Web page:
no fixed costs associated with the
Lean Airport, the airlines will have
greater flexibility in flight scheduling,
leading to a more competitive
marketplace (including a drastically
reduced barrier to entry) and higher
usage for the airport.
It is proposed that despite the loss of
retail revenue, the reduction in capex
and opex associated with the Lean
Airport Model, combined with
progressive airport revenue structures
will deliver a return on investment
equivalent to traditional airport
commercial models.
Freight services
Passenger Processing Hall
Snail zone
Streamlined passenger processes
Passengers arrive at the terminal via
below ground rail, or on grade road
connections. The large processing hall
in which they enter is reserved for
passenger processing functions only.
Utilising ever-evolving technology will
allow the combination of processes
such as check-In and security at a
single queue point.
The ‘aircraft comes to the passenger’
model removes lengthy concourse
walks to gates, with passengers
boarding from a primary commercial
zone. Passengers will be able to move
through the terminal much faster,
much more efficiently and at a pace
that is much more under their control
Aircraft Processing
Passenger Processing Hall
Transport Connections
Pedestrian Transfer
Snail zone
02 The Concept
Lean Airport
02 The Concept
Airport Layout
‘Runway in the rough’
Badgerys Creek
Terminal Facilities
The terminal facilities will be lean
and focused on the efficient
processing of passengers reducing
dwell times to an absolute minimum.
Land side Passenger Facilities will
include self check-in, self tagging,
bag drop, retail stores and
Air side Passenger Facilities will
include self boarding gates, Premium
Airport Lounges, Airport Customs and
Baggage Claims
It is intended that any dwell time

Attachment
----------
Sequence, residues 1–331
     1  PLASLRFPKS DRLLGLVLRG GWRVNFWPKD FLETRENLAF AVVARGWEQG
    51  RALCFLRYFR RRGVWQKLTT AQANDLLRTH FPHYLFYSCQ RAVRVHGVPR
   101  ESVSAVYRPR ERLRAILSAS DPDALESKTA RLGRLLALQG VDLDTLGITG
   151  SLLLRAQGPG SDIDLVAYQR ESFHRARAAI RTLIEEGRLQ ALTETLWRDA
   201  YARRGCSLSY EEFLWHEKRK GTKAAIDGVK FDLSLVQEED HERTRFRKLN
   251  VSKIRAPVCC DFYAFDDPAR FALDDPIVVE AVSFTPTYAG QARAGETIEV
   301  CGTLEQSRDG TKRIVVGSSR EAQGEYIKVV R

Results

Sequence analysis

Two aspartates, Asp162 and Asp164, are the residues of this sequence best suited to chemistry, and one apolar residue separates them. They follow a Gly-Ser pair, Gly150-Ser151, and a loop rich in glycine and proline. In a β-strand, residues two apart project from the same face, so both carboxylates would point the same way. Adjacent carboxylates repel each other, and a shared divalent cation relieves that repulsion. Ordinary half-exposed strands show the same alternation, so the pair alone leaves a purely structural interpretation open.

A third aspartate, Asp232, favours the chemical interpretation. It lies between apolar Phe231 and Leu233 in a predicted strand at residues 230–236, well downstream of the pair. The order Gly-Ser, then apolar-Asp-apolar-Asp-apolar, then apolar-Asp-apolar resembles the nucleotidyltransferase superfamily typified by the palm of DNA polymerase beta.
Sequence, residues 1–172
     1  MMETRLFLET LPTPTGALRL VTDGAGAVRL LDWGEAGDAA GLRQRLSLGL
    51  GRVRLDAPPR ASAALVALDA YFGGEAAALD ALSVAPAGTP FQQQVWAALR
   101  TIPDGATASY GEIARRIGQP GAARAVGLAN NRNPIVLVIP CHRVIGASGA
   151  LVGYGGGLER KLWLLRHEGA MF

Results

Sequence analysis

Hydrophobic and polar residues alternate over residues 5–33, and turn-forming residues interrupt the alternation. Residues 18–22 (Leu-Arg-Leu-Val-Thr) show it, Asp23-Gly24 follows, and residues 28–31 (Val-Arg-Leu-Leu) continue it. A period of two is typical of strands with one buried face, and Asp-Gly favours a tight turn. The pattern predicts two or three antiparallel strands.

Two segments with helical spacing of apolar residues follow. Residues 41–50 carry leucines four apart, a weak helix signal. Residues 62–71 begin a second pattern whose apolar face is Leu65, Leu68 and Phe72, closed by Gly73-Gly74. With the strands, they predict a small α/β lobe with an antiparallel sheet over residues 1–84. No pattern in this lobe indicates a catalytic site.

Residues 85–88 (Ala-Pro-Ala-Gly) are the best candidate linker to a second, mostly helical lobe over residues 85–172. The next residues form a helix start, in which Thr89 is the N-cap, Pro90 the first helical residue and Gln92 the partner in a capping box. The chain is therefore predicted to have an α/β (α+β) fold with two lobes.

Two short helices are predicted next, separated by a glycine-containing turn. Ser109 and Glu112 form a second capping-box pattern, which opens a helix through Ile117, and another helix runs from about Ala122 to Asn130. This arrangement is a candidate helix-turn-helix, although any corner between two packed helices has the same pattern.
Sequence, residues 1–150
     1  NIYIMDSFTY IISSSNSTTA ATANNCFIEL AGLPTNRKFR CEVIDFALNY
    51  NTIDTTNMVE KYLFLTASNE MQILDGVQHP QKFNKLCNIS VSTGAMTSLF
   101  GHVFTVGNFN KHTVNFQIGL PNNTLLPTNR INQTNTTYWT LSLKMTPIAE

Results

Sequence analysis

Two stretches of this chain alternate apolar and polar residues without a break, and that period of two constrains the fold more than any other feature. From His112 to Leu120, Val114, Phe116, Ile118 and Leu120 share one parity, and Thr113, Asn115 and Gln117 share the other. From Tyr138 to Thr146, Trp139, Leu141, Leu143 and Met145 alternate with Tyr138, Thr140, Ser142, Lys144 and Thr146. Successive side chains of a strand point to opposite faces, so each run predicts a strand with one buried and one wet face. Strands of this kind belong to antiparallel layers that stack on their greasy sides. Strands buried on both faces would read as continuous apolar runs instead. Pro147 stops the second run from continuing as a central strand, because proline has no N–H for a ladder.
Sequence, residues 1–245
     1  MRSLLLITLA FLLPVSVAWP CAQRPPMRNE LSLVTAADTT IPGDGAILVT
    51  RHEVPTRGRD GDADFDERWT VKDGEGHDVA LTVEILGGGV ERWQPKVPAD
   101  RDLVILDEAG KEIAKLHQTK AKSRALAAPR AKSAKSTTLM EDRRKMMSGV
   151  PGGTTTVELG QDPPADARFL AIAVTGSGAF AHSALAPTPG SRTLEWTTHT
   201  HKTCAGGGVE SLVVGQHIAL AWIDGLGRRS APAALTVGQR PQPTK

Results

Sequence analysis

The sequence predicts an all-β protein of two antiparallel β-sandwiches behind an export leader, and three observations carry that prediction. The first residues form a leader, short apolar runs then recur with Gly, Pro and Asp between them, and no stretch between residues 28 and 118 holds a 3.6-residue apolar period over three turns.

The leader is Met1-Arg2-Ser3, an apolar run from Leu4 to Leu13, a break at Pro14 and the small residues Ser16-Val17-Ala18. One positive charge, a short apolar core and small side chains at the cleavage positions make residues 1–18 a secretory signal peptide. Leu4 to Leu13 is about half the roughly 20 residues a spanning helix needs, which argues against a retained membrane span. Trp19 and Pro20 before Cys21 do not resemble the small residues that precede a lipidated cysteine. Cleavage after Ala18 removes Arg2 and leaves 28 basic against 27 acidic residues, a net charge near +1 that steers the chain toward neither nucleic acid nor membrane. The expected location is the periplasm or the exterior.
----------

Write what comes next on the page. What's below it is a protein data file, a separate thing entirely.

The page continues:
occur land side, as sophisticated
systems, scheduling and processing
will remove the need for passengers
to spend ‘wasted time’ when
choosing to commute via air.
Initially baggage check in will only be
available in the terminal. In the fully
developed model the passenger will
have the option to bag drop and
check in at a remote check in site.
Architectural Response
The design proposal features a large
processing hall visually connected
via large curtain wall facade systems
to the airfield, landscaped public
domain to the north, and Badgerys
Creek landscape beyond.
Open light spaces, naturally lit and
ventilated (despite acoustic
challenges) provide welcoming,
pleasant, transitional spaces for
travellers and commuters.
Departures Bridge
Passenger embarkment
Luggage Load
Aircraft Servicing Dock
Fuel, service, clean maintenance
Transfer Bridge
Passenger Processing Hall: Departures
Check-In, Baggage Drop, Security
Internal vegetation will improve air
quality, and the use of natural
materials and finishes, including
local hardwood timbers, will provide
a heightened sensory environment to
pass through.
Arrivals bridge
Passenger disembarkment
Luggage Unload
Snail Zone
Any extended dwell time can be
spent by passengers at the detached
‘snail zone’ - located walking
distance from the processing hall,
amongst natural landscaped
surroundings. This building includes
small amenity based retail services,
relaxation zones, and cafeteria
facilities. The move to provide
separate dwell facilities from the
high-activity transport operations of
check-in, security and arrival is to
reinforce the ‘transport hub’ model
which is being proposed.
A variety of gathering clusters,
seating configurations and layouts
will be provided to cater for
individuals, couples and large
02 The Concept Lean Airport
Passenger Processing Hall: Arrivals
Baggage Collection, Customs
Runway Layout
We have selected the runway
orientation in Runway Layout A and
Runway Layout B from the EIS. Land